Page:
I think it is important for people to do what they love and to do what they believe is important in order to become successful or to remain successful in their field. Merchandising students often think that only clothing makes up fashion, but fashion actually revolves around everything that people do to their body, such as using cosmetics, fragrances or hair products.

    Fashion is a dynamic industry. People with so much energy and talent design, develop, and sell ever-changing fashion styles to consumers around the globe. Generally, I have discovered that students who are interested in fashion are determined to major in the field early in their life. By far, the most important thing is to obtain a degree in fashion before considering the idea of pursuing a fashion career. Being enrolled in a fashion major gives people the opportunity not only to learn in classes, but also to attend workshops, career fairs, participate in internships, and make connections with professionals in the industry.


    Live and breathe the industry

    In terms of developing fashion careers, my advice is to begin by going online and subscribing to fashion newspapers, such as Women’s Wear Daily (WWD). Students should be exposed to the best information about fashion trends, industry news, and career opportunities. They should also make every effort to get connected, especially with professionals in the industry whom they aspire to work with in the future. In the end, while they are in school, they should put forth their best effort in classes, and maintain close contact with, and establish life-long relationships with their college professors. They can be very valuable as mentors and contacts.

    Pick the right curriculum

    Creativity in merchandising is often overlooked, whereas there is a great deal of innovation assumed in the fashion business. I think it is important to instill the value of creativity into the fashion merchandising curriculum. In addition, graduating seniors should have a merchandising portfolio that articulates their 4 years of learning. They should also learn to use relevant technology.

    Get your foot in the door

    I also hope that students do not wait until they find their dream job! They must realize the abundant contacts they will make in a very short time period working in their first position. Any senior management in the company will serve as a great mentor, so they should take the opportunity to talk to people and seek help whenever possible. For this to happen, it is necessary to have to have a foot in the door first.

    Jennifer Craven

  • Title:
    Fashion Merchandising Professor
  • Company:
    Mercyhurst University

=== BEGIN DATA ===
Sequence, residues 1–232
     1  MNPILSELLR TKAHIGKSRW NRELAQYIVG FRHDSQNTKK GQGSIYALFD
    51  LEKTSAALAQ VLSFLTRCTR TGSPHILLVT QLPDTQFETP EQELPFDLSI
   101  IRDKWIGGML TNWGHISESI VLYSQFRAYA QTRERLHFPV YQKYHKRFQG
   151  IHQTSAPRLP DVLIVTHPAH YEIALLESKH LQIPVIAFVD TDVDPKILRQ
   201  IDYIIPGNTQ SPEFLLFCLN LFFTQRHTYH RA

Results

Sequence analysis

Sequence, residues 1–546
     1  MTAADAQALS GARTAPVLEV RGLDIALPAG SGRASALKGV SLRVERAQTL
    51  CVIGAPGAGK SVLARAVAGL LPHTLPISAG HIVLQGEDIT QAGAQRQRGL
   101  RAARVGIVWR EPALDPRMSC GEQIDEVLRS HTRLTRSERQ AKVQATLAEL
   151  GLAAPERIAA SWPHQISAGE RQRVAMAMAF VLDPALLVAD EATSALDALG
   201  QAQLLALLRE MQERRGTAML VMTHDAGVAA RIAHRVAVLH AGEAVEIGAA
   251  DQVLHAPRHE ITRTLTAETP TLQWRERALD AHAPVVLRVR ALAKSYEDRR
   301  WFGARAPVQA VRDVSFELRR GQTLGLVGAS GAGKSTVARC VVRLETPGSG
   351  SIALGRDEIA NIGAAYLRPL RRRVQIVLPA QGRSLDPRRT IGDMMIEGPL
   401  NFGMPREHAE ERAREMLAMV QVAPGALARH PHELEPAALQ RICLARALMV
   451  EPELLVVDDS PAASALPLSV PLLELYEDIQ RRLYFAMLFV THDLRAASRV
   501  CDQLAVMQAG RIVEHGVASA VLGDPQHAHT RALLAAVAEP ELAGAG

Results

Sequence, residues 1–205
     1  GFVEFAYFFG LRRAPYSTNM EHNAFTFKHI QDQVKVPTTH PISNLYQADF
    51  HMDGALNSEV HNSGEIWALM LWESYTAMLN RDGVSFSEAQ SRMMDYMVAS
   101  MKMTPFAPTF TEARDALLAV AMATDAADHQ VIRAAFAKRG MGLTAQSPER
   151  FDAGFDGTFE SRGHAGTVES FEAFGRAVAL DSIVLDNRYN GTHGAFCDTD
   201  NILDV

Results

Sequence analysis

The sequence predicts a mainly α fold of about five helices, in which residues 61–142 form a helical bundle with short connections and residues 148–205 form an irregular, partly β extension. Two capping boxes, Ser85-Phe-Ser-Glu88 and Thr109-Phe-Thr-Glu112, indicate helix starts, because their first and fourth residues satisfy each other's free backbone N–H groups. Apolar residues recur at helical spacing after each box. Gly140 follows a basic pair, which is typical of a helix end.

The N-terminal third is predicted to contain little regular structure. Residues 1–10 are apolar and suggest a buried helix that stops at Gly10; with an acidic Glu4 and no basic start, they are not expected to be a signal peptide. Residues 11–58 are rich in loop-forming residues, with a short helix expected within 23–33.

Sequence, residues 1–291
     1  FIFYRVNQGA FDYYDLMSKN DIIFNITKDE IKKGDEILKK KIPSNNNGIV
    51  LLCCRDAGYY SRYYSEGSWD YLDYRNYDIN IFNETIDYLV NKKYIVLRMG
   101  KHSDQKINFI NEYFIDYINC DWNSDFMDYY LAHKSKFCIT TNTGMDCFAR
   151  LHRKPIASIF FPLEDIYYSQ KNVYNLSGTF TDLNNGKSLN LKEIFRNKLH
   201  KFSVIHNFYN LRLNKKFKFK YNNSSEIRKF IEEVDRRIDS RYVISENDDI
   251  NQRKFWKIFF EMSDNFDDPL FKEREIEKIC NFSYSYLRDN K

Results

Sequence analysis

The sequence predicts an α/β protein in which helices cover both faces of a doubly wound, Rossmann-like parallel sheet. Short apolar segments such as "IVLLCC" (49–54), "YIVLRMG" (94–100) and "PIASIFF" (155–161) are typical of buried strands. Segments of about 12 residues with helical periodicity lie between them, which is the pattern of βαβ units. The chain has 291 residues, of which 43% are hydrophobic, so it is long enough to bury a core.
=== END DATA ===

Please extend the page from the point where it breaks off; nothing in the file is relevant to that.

• Where:
    Erie, PA
  • Experience:
    4 years in the industry
  • Quick Look Bio

    I received my B.S. in Fashion Merchandising from Mercyhurst University in Erie, Pa. I continued my graduate work at North Carolina State University in Raleigh, NC, where I earned my M.S. in Textiles and Apparel Technology Management. I knew that I wanted to remain in the field of education for my career, and was fortunate enough to return to my alma mater as a faculty member in 2010.

    My main areas of interest and teaching experience include textiles, product line development, Adobe Illustrator for design, and various forms of communication, such as public speaking and fashion journalism. In the textile courses, students learn about fibers, yarns, and fabrics, as well as finishing techniques like dyeing and printing. If you’ve ever wondered why a cotton T-shirt feels and behaves differently than a polyester T-shirt, that’s something that my students learn.


    Start at the bottom and move up

    My advice for people pursing fashion merchandising as a career would be to not underestimate the power of networking. The fashion industry is highly competitive and very fast moving. It’s also incredibly broad with many types of career paths. Students are often encouraged to complete as many internships as possible, which is a huge benefit to narrow down the area of interest that fits them best. Oftentimes, internship positions turn into job offers. It may require employees to start in an entry-level position, however it is common to move up the ranks fairly quickly through promotions.

    Learn the business

    There are lots of colleges and universities that have fashion-related programs. Some of which are design-focused and some are more merchandising-focused. I believe that it’s important to add a strong business core to any fashion education, as it would be very helpful in navigating the fashion industry.

    Roberta Gruber

  • Title:
    Professor and Freelance Designer
  • Company:
    Drexel University & Self-Employed
  • Where:
    Philadelphia, PA
  • Experience:
    30+ years in the industry
  • Quick Look Bio

    I graduated from Drexel University with a B.S. in Fashion Design and returned for my M.S. in Arts Management after spending 18-20 years in the Fashion as well as the Luggage and Leather Goods Industries. Along with designing ready-to-wear for 7th Avenue companies, the “American Women” line of a women’s business cases and bags for Schlesinger Brothers, I also created “wearable art” pieces that were sold in galleries and national high-end boutiques.

    In 1986 I became a full-time faculty member at Drexel University’s Antoinette Westphal College of Media Arts & Design where I began my career in higher education. I continued to do freelance design, wrote a book on fashion drawing, Fashion Images, Prentice Hall 2000, and I am now Head of the “Department of Design”.


    Follow your passion

    Go for it, enjoy what you do, and don’t expect any 2 days to be the same. Be open-minded and look for opportunities. Be passionate about design in general and the fashion industry. Know the economic and creative impact it has and its ability to make peoples lives more pleasurable.

    Be interdisciplinary

    Study design as well as business. Their interdependence is key to being successful and understanding the needs of the consumer. Look for programs that give you a well rounded, general, but directed area of study. Understand Art History and its connection to trends, as well a historic costume and economic history in general. Know that whatever you learn, specific skills or general knowledge, (from color theory to textiles, accounting, marketing, economics and history) you will use it all, and incorporate it in most areas of your life.

    Start by selling

    Retail, retail, retail! Start on the selling floor or online development and understand consumer needs and desires. They are after-all the ultimate judge!

    Fashion Merchandising Infographic